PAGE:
Choppers, pussies, endless highways and raw, visceral rock ‘n’ roll – The Picturebooks are the Americana feeling themself. Four years ago, they Artificial Tears album was welcomed equally enthusiastic by the critics, the audience of Sziget Festival (the band played at A38 Stage) and the fans of dirty, blues-based rock ‘n’ roll. Now, the new album, entitled Imaginary Horse, is here, so is an other concert in Hungary: the band will play on the fifth of November before Kadavar at A38 Ship, (one can buy combined ticket for the gig, which is valid for the concert of Airbourne as well, one week later). We talked to the members of The Picturebooks about the benefits of DIY-mentality, their home studio, and the musicians also unfolded which is the best musical style for skateboarding.


You’ve already played in Hungary, at Sziget festival four years ago. Do you have any special memories about that gig?

Oh yeah. A lot actually. First of all we were super excited to play this huge and awesome festival. It was a pretty packe show when we played the tent stage. Fynn got electo shocks when he got in touch with his microphone. It was crazy and painful.

What’s the story behind the band’s name?

We had only played together for a short amount of time and were asked to play a show,
So we had to think up a name real quick. The Picturebooks was the first name that came to our mind. We thought we´ll only use it for that one show but started liking it and stuck with it…

You’ve said about your forthcoming album, Imaginary Horse that it has it’s very own characteristic sound. How would you describe that? Tell us about the studio where you’ve recorded Imaginary Horse.

Well, we recorded the album in our Motorcycle garage where we build choppers and hang out with our friends a lot. We even built a miniramp outside so we can skate whenever we want to between the recording sessions. We recorded the album at our very own studio/garage for month on end, day and night, trying hard to find our very own sound, questioning everything we had done before, reinventing ourselves without boundaries, not knowing if the album  will ever see the light of day or wether anyone would like it or not…we had deliberately not listened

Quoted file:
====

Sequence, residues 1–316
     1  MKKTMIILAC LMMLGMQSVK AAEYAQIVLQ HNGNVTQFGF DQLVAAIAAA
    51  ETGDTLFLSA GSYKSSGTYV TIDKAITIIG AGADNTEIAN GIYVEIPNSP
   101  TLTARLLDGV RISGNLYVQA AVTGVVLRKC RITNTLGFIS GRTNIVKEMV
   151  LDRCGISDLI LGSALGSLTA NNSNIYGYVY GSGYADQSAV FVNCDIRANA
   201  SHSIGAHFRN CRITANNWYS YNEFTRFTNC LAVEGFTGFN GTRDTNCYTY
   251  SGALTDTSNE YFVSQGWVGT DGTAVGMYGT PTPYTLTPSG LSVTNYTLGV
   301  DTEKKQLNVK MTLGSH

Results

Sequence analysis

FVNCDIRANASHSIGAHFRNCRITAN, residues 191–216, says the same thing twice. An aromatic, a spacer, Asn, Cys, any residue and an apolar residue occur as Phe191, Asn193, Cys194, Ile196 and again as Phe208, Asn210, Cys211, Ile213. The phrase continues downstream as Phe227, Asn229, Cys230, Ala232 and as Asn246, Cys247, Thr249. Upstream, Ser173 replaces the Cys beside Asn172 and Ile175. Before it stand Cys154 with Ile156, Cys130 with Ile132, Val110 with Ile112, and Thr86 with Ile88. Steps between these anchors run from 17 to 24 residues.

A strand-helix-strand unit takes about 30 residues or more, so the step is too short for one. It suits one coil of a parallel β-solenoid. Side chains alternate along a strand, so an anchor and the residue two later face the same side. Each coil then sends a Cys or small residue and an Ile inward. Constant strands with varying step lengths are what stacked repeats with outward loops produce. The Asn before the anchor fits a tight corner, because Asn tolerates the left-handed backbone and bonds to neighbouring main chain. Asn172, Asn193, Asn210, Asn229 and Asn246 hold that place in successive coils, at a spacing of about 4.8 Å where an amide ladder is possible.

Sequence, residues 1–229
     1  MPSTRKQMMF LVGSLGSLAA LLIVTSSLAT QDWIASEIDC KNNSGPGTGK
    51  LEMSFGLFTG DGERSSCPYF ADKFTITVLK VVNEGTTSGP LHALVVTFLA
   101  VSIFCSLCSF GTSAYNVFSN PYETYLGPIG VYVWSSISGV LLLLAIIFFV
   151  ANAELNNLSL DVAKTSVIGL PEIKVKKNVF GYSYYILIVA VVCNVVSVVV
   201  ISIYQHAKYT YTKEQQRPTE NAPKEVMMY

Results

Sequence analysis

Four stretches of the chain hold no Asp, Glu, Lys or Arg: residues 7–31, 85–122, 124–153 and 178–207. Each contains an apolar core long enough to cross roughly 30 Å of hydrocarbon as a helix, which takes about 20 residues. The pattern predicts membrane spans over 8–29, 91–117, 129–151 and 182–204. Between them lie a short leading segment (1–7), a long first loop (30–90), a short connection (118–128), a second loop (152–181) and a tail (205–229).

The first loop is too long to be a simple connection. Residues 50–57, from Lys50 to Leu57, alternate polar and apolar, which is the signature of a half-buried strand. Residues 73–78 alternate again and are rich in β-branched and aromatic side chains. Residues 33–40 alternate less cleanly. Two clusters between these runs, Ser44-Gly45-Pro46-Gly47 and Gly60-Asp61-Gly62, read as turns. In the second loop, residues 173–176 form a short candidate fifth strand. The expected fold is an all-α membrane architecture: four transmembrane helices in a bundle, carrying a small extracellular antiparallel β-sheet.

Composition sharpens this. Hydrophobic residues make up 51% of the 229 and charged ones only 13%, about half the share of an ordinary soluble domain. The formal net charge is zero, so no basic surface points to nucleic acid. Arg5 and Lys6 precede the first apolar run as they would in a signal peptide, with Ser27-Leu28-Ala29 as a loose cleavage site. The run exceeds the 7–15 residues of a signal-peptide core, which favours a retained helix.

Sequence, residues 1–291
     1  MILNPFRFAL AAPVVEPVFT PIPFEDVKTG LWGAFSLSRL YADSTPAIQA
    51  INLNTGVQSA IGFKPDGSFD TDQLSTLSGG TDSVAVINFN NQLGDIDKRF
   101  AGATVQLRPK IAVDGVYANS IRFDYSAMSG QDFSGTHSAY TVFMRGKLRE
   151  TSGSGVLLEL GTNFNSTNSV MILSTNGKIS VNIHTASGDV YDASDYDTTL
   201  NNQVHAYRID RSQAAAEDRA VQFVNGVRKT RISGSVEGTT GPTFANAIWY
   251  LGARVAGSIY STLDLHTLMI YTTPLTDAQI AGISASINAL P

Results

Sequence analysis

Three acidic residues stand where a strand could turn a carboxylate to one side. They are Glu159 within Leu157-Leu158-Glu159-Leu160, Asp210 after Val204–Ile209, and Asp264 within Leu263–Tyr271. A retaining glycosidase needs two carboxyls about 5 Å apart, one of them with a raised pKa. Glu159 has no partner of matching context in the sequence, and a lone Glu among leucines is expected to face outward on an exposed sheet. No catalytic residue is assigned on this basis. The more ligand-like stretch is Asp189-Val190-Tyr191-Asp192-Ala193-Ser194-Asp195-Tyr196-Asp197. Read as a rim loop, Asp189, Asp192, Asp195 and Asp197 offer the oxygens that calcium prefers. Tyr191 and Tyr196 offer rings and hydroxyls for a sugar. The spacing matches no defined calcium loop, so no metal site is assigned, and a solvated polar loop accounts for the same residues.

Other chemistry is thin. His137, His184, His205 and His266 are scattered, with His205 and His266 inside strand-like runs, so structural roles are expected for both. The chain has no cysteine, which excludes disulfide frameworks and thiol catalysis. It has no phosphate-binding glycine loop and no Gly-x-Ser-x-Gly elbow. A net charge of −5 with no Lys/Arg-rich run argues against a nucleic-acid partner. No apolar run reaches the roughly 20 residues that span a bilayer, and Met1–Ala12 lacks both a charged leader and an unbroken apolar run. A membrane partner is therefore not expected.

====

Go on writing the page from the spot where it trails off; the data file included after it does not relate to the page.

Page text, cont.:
to other people´s music during the making of the album, so that we would not be influenced by anyone or anything other than ourselves. we had not talked to record-companies or booking agencies during that time as well, i guess you could say we kind of retrieved ourselves from the „normal” world to work on the album.

We realized that being in a studio gives you the opportunity to do everything you want and that can kill creativity. So we had to throw away as much as we could to get the rawest result out of it by geting rid off the cymbals and all the effect pedals for the guitar and the way you usually microphone everything and all that stuff… We´ve had enough! We bought the biggest drums that we could find and even built our own instruments and didn´t use normal drumsticks but Mallets instead, used a lot of sleigh bells, tambourines and other crazy percussions. The guitar that fynn plays is a realy old GIBSON ES 125 that he bought in a tiny music store in los angeles through a self made Combo. Everything was recorded with Two microphones 5 meters away from us to catch that unique reverby sound that our garage has.

What’s your method of capturing the very raw, rich and rich energy of rock ‘n’ roll? Is it hard for you to stick to it’s essence?

Don’t overthink it.

There seems to be a kind of DIY-approach attached to everything you do – you customize your own choppers and bike, you constructed your own instruments and so on. Is it a concious decision or it’s about fully realising your ideas?

Yes of course. We do everything ourselves, the music, the recordings, the photos, the videos, the website, social media, drive the van, sell the merch, load in, load out… we don´t trust anyone in this buisness. when we do it on our own, we know it´s done the way we want it to be done.

Apart from bands and extreme sports, your whole image seems to be inspired by the old Americana style of life – what do you think about it?


Well we hang out in the states a lot. We have a lot friends there through skateboarding, choppers and music. So we guess we kinda got inspired by it a lot. Espacially the desert. Songs like PCH-Diamond pretty much describe what we experienced on our stay in Huntington Beach – California.

It seems like that there is a crazy story behind every song’s lyrics – any recent, fucked up thing that happened with you that might make it to the lyric of a new song?

Most of the lyrics are improvised. again i try not to overthink it.

You are really into skateboarding; which are the best songs to skate to?

Minor Threat, The Smiths, The Distillers, The Velvet Underground, The Stooges, Surf Music… Everything that pushes you!

Rob Halford of Judas Priest sometimes went on stage on a chopper – you never thought about doing the same thing?